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The situation in Marble Hill wasn’t a natural occurrence in contrast to the Missouri example mentioned previously and the similar situation in Carter Lake, Iowa. The hand of man was fully responsible. The US Army Corps of Engineers decided that a navigable shipping route had to be created between the Hudson and Harlem Rivers. They built the Harlem Harlem River Ship Canal along the southern edge of Marble Hill, leaving it a small island. The old riverbed was later filled-in, completing Marble Hill’s migration from Manhattan Island to the mainland in 1914. The same thing happened to a small chunk of the Bronx but it became a part of Manhattan Borough, which hardly seems fair.

The former watercourse has a flatter, more level appearance, as noticeable in the Street View image, above.

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Meanwhile, back on the hillside, the stranded section looks distinctly different from the rest of Manhattan. Winding streets of detached homes wrap around contours of a rocky precipice. A century of separation created an area that more closely resembles the Bronx. This is a particularly picturesque area of Marble Hill, however most of the residents actually live in apartments away from the hill.

I know several 12MC readers live in or around New York City. I’d be interested to know if anyone has visited Marble Hill in person and would have anything further to add.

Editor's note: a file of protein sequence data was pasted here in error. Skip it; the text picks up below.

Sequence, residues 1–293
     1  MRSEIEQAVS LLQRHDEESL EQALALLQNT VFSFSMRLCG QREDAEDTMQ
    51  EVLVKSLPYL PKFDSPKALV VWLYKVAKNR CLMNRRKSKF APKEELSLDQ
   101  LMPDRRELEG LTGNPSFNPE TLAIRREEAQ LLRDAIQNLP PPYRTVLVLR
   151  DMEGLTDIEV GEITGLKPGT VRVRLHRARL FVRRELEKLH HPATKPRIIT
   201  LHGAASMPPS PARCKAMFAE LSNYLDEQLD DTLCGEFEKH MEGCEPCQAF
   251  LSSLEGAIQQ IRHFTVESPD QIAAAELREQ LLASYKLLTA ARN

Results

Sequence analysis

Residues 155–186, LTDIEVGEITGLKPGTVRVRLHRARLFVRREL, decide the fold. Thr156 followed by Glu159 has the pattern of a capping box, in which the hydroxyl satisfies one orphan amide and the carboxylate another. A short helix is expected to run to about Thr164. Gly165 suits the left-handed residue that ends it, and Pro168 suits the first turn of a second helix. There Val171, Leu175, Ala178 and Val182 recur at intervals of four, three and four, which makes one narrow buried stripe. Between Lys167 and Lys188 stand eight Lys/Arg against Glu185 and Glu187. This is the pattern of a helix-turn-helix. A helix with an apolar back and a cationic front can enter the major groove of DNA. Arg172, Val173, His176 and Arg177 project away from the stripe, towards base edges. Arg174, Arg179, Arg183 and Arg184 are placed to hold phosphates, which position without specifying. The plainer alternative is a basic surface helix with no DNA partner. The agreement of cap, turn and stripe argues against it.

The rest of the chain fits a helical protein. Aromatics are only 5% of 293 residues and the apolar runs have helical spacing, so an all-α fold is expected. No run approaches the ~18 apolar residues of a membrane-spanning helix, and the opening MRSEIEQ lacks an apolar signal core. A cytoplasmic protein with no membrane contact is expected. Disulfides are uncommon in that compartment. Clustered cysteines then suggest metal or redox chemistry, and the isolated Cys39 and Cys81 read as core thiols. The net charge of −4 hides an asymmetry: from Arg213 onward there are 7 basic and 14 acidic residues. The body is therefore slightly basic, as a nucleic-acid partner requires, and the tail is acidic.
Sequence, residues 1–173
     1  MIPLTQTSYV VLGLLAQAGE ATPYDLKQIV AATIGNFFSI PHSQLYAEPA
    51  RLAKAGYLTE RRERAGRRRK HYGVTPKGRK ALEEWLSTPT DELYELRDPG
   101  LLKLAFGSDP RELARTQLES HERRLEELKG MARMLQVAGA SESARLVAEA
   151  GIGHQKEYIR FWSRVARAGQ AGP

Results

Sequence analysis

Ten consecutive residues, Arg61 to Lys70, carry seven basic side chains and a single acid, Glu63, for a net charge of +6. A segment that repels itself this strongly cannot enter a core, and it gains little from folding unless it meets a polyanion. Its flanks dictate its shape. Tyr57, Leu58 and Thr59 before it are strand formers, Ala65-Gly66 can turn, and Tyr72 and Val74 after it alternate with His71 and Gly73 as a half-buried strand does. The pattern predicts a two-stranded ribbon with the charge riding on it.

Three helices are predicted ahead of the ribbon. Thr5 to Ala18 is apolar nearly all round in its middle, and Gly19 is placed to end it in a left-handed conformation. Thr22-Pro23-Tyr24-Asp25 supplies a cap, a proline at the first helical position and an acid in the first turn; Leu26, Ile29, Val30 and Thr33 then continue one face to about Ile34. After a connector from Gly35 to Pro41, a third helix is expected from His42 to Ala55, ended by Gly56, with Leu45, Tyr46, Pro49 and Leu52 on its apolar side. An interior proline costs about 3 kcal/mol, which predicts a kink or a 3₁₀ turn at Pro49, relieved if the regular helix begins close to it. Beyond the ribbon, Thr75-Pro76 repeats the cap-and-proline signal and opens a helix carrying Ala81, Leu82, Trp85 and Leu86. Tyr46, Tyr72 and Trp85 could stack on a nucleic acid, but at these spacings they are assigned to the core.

4 Replies to “Mainland Manhattan”

  1. Unless you know about Marble Hill’s history you’d think it was just another Bronx neighborhood. The geographical clues to its unusual nature aren’t apparent to the casual observer, you would have to specifically look for them.

  2. I would venture to say that many Marble Hill residents don’t know that they actually live in New York County (also known as Manhattan). The area has a Bronx ZIP code and has a 718 area code. The only times that their location in NY County matters is for jury duty, the election of Borough officials and cable service (I believe Marble Hill has Time Warner Cable as does the rest of Manhattan while Bronxites have Cablevision).

  3. Car insurance may make the Bronx vs. Manhattan distinction anything but irrelevant for Marble Hill residents. Insurance companies redline the Bronx, charging extortionate premiums even for people with good driving records. I’m not sure if Manhattan residents get the same treatment.

    Back in the 1980’s, the residents of Ridgewood, a Queens neighborhood right on the Brooklyn line,* waged a lengthy battle to get the postal service to change the neighborhood’s zip code to a Queens number instead of the Brooklyn number they’d been using. Because Brooklyn was subject to similar redlining, and at the time insurance companies used zip codes in rate-setting, many Ridgewood residents saved hundreds of dollars a year in premiums when the change went through.

    * = some parts of Ridgewood are in Brooklyn

  4. Glad you got back to my neck of the woods. Also that you discovered Forgotten NY, one of my favorite NYC site for ages.